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Duke now the largest electric power company in U.S.

Duke Energy Corporation Tuesday confirmed the closing of its previously announced merger with Progress Energy Inc., effective July 2, 2012.

The new company will be known as Duke Energy and will remain headquartered in Charlotte, with substantial operations in Raleigh, N.C. Duke Energy will trade on the New York Stock Exchange under the symbol DUK.

In accordance with the terms of the merger agreement, Progress Energy Inc. has become a wholly owned direct subsidiary of Duke Energy, creating the country’s largest electric utility as measured by enterprise value, market capitalization, generation assets, customers and numerous other criteria.


Despite the scorching temperature, enthusiastic Democrats came out in droves on Saturday afternoon to celebrate the grand opening of the new Macon County Democratic headquarters located in downtown Franklin. It was standing room only as Democrats gathered for fun, fellowship, and to prepare for the upcoming November elections.

Local Democrats surrounded the headquarters to listen to candidates and party leaders rally support for the upcoming election. Kayla Duvall, vice president of the Macon County Young Democrats, attended the opening in hopes of stirring up support from the county's youth.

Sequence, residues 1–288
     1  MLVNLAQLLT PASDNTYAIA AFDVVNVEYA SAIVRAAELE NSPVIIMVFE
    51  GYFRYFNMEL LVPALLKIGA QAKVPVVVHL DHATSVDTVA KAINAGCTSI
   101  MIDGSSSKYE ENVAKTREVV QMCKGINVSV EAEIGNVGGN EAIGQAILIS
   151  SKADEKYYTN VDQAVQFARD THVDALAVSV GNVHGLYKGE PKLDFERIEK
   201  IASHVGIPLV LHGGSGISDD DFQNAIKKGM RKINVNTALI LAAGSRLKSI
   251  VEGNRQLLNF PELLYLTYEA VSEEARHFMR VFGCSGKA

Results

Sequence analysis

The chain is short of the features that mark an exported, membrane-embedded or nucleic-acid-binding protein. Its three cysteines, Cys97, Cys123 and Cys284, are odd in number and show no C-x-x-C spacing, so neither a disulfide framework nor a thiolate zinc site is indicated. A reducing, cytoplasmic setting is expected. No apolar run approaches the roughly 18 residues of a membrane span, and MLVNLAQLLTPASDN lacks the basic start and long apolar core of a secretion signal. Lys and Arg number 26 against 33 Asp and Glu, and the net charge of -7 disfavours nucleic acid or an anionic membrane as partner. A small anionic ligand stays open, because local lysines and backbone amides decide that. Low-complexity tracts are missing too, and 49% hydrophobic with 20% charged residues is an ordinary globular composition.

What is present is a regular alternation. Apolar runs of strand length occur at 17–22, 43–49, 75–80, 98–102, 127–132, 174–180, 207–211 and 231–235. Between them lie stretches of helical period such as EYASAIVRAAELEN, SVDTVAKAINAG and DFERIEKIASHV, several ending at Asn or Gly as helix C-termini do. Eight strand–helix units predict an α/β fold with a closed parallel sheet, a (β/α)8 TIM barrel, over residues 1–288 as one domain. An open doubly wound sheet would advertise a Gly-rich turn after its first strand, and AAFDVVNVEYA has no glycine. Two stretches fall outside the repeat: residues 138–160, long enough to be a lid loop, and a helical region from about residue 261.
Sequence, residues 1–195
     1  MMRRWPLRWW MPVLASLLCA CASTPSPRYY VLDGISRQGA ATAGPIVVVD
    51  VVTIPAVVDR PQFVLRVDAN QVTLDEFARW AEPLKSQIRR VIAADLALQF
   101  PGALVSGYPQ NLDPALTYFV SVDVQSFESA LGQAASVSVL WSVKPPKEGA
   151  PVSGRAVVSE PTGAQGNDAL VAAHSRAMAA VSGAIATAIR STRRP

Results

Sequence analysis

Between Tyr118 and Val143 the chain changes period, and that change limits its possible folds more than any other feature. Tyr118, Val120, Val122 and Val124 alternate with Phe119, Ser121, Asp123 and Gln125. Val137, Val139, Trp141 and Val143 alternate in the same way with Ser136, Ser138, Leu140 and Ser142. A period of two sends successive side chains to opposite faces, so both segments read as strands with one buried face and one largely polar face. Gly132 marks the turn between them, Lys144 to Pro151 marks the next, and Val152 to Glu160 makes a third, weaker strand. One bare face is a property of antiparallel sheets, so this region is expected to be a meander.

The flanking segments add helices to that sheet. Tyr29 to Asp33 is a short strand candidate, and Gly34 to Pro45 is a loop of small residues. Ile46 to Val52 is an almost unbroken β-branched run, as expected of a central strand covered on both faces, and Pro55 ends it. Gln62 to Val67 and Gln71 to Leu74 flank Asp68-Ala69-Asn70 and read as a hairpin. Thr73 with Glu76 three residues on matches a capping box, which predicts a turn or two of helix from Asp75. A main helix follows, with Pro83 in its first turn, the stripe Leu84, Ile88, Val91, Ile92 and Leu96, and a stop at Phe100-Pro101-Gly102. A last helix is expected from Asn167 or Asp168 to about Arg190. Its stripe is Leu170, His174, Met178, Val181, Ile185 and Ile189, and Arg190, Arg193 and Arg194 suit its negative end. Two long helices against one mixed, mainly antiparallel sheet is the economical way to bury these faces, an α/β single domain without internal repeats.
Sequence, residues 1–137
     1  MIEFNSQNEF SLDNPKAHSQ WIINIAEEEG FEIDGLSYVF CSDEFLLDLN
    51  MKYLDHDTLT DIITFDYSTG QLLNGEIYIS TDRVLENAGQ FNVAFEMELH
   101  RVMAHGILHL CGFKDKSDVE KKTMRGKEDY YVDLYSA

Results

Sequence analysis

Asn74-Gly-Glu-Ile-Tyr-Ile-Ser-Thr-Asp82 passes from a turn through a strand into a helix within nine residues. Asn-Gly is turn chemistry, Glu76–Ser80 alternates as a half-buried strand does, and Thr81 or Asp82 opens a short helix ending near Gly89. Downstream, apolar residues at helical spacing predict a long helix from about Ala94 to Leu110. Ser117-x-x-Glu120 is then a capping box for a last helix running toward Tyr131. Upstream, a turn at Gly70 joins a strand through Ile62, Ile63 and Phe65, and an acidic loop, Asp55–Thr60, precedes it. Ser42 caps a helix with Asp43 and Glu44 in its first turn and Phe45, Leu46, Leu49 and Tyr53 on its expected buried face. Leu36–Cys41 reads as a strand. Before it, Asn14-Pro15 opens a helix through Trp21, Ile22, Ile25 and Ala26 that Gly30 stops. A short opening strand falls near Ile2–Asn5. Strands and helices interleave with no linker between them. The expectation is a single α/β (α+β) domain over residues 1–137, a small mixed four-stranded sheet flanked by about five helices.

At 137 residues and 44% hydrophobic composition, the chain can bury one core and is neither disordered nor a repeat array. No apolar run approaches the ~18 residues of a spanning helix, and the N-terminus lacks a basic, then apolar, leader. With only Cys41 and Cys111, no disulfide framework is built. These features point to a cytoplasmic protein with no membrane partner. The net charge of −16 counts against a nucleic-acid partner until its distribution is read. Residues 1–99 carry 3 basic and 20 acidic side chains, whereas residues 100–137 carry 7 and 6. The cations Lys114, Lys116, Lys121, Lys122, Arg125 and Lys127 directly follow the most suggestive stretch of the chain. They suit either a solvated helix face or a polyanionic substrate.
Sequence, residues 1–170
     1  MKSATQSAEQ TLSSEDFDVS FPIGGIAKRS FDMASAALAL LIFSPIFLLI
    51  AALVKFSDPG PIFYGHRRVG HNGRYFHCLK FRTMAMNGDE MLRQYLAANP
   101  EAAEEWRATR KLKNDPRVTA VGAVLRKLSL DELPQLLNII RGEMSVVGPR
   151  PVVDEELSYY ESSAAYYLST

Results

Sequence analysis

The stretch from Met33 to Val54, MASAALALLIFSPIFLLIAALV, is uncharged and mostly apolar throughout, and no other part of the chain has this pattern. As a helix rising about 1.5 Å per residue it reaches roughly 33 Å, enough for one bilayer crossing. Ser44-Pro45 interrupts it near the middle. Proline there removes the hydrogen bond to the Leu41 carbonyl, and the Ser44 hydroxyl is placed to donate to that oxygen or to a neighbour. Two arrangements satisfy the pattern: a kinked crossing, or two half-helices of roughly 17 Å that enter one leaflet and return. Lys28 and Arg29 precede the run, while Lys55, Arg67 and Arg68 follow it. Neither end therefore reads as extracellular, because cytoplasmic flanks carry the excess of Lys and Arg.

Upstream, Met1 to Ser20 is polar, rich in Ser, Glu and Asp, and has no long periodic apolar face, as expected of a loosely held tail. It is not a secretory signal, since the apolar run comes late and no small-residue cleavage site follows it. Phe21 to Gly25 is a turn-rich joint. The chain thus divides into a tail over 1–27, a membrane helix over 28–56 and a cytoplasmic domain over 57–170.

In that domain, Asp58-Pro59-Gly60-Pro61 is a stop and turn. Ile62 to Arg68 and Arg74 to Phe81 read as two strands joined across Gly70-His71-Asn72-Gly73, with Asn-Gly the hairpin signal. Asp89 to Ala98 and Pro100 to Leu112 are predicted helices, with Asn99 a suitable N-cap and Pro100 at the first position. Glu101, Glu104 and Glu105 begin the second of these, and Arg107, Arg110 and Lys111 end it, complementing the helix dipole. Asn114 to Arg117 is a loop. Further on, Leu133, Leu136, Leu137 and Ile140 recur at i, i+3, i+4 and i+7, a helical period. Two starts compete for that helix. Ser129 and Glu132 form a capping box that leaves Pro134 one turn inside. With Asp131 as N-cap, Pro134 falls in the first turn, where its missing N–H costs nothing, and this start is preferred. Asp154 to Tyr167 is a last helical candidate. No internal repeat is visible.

Debate continues on education funding

Last Thursday, the North Carolina Legislature approved the final Republican-penned state government budget for next year. The proposed budget, which is currently being reviewed by Gov. Bev Perdue, doesn't call for an increase in taxes, but fails to fund public school to the extent for which Gov. Beverly Perdue and fellow Democrats have rallied.

Both the House and Senate held individual sessions to address their concerns on the budget, and after separate debates, members agreed and voted — 71-41 House vote and 30-15 Senate vote — for a $20.2 billion spending plan, which calls for adjustments to the second year of the two-year budget previously approved in 2011. The proposed budget can remain stagnant on Gov. Perdue's desk for up to 10 days, during which time she can decide whether to veto the bill, sign it or let it become law without her signature.


Bill makes its way past committee for the first time.

The initiative for ‘raising the age’ of juvenile jurisdiction in North Carolina is gaining steam as lawmakers in Raleigh have come out in support of it this legislative session. Currently, any person 16 years of age or older who commits a crime of any kind is charged as an adult in North Carolina courts—a nearly 100-year-old policy that has become the subject of national contention.

On June 20, House Judiciary Subcommittee A unanimously voted to approve a bipartisan- supported bill that would change the age at which adolescents are tried as adults.

Currently, North Carolina is one of only two states which automatically prosecutes all 16- and 17-yearolds as adults for any type of crime.


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